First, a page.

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China's Conservative Revolution
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Book description

In this ambitious examination of the complex political culture of China under Guomindang rule, Brian Tsui interweaves political ideologies, intellectual trends, social movements and diplomatic maneuvers to demonstrate how the Chinese revolution became conservative after the anti-Communist coup of 1927. Dismissing violent struggles for class equality as incompatible with nationalist goals, Chiang Kai-shek's government should, Tsui argues, be understood in the context of the global ascendance of radical right-wing movements during the inter-war period. The Guomindang's revolutionary nation-building and modernization project struck a chord with China's reformist liberal elite, who were wary of mob rule, while its obsession with Eastern spirituality appealed to Indian nationalists fighting Western colonialism. The Nationalist vision was defined by the party-state's hostility to communist challenges as much as by its ability to co-opt liberalism and Pan-Asianist anti-colonialism. Tsui's revisionist reading revisits the peculiarities of the Guomindang's revolutionary enterprise, resituating Nationalist China in the moment of global radical right ascendancy.

Reviews

'In this incisive volume, Tsui conclusively demonstrates that the Nationalists’ quest for 'capitalism without capitalism' - or fascism - was the central feature of the ideology and organization of the politics of conservatism in China’s Republican period. This study is a meticulous work of history; it is also indispensable for our contemporary moment.'

Rebecca E. Karl - New York University

'In this study of the 1930s, Brian Tsui reshapes our understanding of the radicalization of Chinese politics and culture. He situates China’s 'conservative revolution' in the context of global history, showing how the Nationalists valorized the nation in a language of fascist modernity while forging bonds with anticolonial movements across Asia. If the conservative revolution failed in its own incoherent terms, it nonetheless left permanent marks.'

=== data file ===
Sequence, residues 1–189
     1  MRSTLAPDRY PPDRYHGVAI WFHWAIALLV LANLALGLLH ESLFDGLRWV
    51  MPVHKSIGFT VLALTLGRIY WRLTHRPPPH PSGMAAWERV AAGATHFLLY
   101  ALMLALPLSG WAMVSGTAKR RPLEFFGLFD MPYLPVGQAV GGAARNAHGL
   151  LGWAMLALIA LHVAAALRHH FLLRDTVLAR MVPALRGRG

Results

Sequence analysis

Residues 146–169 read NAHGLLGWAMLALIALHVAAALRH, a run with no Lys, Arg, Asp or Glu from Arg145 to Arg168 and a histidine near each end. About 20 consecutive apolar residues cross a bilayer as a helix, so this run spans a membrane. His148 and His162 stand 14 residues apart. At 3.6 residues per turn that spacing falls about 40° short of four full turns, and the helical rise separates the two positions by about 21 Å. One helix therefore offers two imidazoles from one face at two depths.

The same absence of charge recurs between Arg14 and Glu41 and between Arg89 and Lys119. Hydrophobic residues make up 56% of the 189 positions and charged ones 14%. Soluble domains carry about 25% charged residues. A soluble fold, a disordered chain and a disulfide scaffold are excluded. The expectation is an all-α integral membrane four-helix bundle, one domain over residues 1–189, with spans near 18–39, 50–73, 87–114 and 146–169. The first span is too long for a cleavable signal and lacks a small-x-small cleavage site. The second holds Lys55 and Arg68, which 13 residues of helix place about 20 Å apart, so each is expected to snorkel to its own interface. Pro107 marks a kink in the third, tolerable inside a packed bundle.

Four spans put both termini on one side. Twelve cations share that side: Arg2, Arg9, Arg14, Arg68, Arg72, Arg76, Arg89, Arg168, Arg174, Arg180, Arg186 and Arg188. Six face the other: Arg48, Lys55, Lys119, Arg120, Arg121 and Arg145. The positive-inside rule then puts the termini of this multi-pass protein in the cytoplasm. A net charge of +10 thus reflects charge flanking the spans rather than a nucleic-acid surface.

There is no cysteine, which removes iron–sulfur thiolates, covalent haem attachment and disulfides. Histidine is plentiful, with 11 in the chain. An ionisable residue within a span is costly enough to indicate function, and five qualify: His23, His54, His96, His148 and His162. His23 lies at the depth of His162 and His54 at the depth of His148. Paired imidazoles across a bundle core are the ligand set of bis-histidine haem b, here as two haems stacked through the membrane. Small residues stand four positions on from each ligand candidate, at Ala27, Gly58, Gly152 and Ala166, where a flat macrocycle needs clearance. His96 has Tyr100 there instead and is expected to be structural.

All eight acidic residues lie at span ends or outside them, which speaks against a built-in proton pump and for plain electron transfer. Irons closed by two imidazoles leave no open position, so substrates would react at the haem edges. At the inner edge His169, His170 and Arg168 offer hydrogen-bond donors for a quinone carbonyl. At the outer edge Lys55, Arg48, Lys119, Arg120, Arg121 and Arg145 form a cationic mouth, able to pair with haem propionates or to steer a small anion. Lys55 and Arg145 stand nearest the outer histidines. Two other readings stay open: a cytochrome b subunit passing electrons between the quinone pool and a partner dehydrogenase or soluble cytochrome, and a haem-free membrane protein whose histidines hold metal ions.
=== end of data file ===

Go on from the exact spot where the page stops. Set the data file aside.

Peter Zarrow - University of Connecticut

'As intellectual biography, Tsui brings to life Dai Jitao, Chen Lifu, Zhu Guangqian, Tan Yunshan, Fu Sinian, Jiang Dingfu, Li Shizeng and Pan Gongzhan as architects of the conservative revolution. … Tsui has written a deeply researched and highly original re-interpretation of political thought during the Chiang Kai-shek era.'

Stephen R. Mackinnon Source: The China Quarterly

'In his book, Brian Tsui expands discussion of nationalism and aesthetics at the core of the conservative revolution, moving from the United Front into the wartime period.'

Jeremy Tai Source: Modern Chinese Literature and Culture

'Brian Tsui’s outstanding new book is a welcome piece of scholarship that takes scholars back to the legacy of 1927 … Understanding China’s mid-twentieth century revolution in these terms gives Tsui’s book a startling freshness. Its contemporary relevance is just one element of its quality; in the depths of its research and complexity and seriousness of its historical insights, it is a deeply significant work.'

Rana Mitter Source: Journal of Chinese Studies

'The book’s thoroughly theoretical discussion is a brilliant and inspiring read for those who are interested in modern intellectual currents and political ethics.'

Jing Zhang Source: Twentieth-Century China

'… [Tsui’s] subtle treatment of the ‘conservative revolution’ in theory and practice reveals a fascinating set of connections between Confucian order, mass politics and global change.’

Tehyun Ma Source: The English Historical Review

'The book will be the authoritative work on this for a long time to come.'

Edmund S. K. Fung Source: The China Journal

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Contents

  • 1 - Introduction
    pp 1-25

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